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Takeout Food with Zero Waste

By Kim Robson:

Bringing home takeout food from my favorite restaurants is one of my guilty pleasures. I can enjoy my meal in the comfort and privacy of my own home, wearing pajamas and fuzzy slippers if I like.I bask in the knowledge that I didn’t have to lift a finger to prepare it, and I won’t have to do dishes, either. But that’s where the guilty part comes in: all that waste. There are Styrofoam or plastic containers (even cardboard containers are unrecyclable due to the thin plastic moisture lining on the interior), plastic forks and knives in their own plastic wrappers, disposable chopsticks, plastic lids, plastic straws, tinfoil or paper wrappers, condiment packets, sauce tubs, a stack of paper napkins, plus takeout menus / coupons / printed receipt, brown paper bags, and a plastic bag to carry it all in. It’s depressing and difficult or impossible to recycle.

But with a little extra planning, there is no reason you can’t have your favorite takeout minus the waste and guilt by bringing your own containers to the restaurant. There is no part of the U.S. health code that requires takeout food to be in disposable containers or that personal containers from home are not allowed.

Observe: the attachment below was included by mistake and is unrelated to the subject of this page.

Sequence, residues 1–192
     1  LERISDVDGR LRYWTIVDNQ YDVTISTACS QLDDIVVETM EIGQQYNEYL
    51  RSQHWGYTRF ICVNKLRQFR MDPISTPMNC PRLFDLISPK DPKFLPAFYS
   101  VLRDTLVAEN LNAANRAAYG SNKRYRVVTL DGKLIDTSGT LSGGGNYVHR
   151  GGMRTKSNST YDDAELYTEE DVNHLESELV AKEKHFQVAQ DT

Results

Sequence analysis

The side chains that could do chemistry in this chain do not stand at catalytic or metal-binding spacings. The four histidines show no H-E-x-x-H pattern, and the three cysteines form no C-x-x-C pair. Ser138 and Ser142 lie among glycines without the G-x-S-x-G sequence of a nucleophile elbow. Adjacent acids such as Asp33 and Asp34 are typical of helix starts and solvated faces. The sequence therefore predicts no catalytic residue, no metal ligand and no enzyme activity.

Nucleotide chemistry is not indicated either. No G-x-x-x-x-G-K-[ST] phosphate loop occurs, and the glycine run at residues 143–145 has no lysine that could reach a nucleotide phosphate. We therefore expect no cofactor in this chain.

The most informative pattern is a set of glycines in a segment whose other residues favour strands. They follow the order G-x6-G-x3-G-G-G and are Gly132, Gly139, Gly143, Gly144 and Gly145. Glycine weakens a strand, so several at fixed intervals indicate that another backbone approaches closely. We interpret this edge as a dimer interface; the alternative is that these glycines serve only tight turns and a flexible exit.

First, call the restaurant ahead to make sure it’ll be okay to get your order filled using your own containers. If the waitstaff says no, you can ask for a manager; but be polite, no matter what the answer is. You can always try again later. Being a regular customer and good tipper never hurts.

If you’re nervous about asking for an unusual request, pretend you do this ALL the time. Exude the confidence that this is a totally normal thing and doesn’t even need to be questioned. For instance, instead of hesitantly asking, “Is it okay if we use this container?” tell them without equivocation, “I’d like my order to go into this container.”


  • Be polite and smile; compliment their food.
  • Thank the waitstaff profusely for accommodating your request.
  • Bring spotlessly CLEAN containers with tightly fitting lids.
  • Tip a little over normal.
  • Walk or bike to and from the restaurant, if possible, for zero carbon footprint.
  • Coffee shops and juice bars are also well-accustomed to filling personal containers.
  • A set of tiffins is stackable and easy to transport, and keeps different foods separated.
  • Mason jars are great for soups, smoothies, sauces and other liquids.

About Kim Robson

Kim Robson lives and works with her husband in the Cuyamaca Mountains an hour east of San Diego. She enjoys reading, writing, hiking, cooking, and animals. She has written a blog since 2006 at kimkiminy.wordpress.com. Her interests include the environment, dark skies, astronomy and physics, geology and rock collecting, living simply and cleanly, wilderness and wildlife conservation, and eating locally.

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